Obviously, there is one very cheap and effective way to reduce the amount of cigarette smoke in your home, and that is to simply ban people from smoking inside it.
But for those of your that can’t or won’t ban smoking, can air purifiers do anything to remove cigarette smoke odor and/or remove the harmful chemicals found in cigarette smoke?
Firstly, because cigarette smoke is gaseous, HEPA Filters will not work effectively in removing these particles.
This leaves Activated Carbon Filters as the only non-ozone option.
The simple answer is that no air purifier will completely remove the harmful effects or smoke or the odors associated with it. Some of the very fine volatile organic compounds (VOCs) will not be removed and so, whilst an air purifier can help, it is no substitute for avoiding the problem in the first place.
If you live in a house where you cannot control the issue of cigarette smoke emissions, then I recommend a combined HEPA / Activated Carbon air filter.
Should You Buy an Air Purifier?
The answer to that question depends upon what you hope to achieve from buying an air purifier.
As I have stated above, the scientific evidence demonstrates that these machines do actually remove large amounts of airborne particles from your home, but the evidence surrounding whether or not this actually improves your health and/or alleviates symptoms it not absolutely conclusive.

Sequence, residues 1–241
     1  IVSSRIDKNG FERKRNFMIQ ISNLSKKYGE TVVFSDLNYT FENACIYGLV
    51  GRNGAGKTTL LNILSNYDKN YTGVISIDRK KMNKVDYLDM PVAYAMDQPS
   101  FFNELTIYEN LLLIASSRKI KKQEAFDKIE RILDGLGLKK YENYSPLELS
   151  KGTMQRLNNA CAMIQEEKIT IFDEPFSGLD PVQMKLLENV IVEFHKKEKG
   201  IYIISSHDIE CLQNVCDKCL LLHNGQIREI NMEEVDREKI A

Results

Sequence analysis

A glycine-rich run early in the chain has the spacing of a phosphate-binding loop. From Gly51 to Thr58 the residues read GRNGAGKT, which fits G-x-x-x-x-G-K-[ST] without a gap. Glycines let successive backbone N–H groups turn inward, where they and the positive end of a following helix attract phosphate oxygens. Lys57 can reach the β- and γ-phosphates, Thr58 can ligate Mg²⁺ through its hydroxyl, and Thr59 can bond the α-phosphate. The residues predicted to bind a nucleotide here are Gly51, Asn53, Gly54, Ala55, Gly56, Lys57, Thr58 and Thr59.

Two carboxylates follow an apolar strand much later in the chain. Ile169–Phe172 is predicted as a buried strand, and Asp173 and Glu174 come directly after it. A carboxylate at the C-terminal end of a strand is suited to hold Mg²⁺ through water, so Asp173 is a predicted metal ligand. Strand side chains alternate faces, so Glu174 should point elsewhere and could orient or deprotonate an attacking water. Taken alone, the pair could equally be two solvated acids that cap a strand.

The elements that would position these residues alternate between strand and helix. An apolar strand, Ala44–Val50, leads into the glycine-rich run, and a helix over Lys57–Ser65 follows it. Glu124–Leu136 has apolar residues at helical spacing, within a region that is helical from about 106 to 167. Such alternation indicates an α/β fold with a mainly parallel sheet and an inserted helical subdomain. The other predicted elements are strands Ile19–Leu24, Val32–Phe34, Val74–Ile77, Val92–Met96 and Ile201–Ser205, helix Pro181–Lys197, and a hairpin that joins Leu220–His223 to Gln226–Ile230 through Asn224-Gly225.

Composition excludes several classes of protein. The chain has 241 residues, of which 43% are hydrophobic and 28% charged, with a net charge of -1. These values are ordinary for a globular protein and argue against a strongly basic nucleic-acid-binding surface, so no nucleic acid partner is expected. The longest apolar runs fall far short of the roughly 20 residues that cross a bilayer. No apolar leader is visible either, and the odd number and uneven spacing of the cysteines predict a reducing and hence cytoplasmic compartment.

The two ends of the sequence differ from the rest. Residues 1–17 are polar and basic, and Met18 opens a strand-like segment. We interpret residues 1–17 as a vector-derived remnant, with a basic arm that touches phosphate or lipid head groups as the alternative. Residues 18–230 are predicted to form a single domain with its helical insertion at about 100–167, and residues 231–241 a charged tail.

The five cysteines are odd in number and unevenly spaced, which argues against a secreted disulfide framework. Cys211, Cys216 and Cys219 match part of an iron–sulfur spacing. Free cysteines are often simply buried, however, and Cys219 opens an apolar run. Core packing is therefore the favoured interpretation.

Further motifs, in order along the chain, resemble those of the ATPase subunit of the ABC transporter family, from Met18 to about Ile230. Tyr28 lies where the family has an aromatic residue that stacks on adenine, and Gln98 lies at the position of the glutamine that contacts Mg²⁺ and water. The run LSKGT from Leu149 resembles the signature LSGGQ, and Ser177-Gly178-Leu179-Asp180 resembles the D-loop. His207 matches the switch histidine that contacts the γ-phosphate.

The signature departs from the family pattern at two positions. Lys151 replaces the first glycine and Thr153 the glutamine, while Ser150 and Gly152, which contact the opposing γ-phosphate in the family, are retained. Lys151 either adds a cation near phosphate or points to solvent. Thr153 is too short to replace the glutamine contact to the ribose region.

Personally, I believe that it is well worth trying an air purifier if you or one of your family members suffers from particle-triggered allergies or asthma, or if you just want to remove some of the harmful and unpleasant effects of cigarette smoke from your home.
It might not work for you, but the potential life-changing benefits if it does work are well worth the investment in my opinion.
Different Types of Air Purifier for the Home
There are many different types of air purifier.
You will first need to determine the size of air purifier that is most suitable for your needs.
My recommendations for each category of air purifier can be found here:
Leave a Comment
If you have any opinions to share on the question of whether Air Purifiers Work, please just leave a comment in the box below. I would be particularly interested to hear from anyone that has used an air purifier in their home to deal with any of the issues highlighted above. Did it work for you and your family?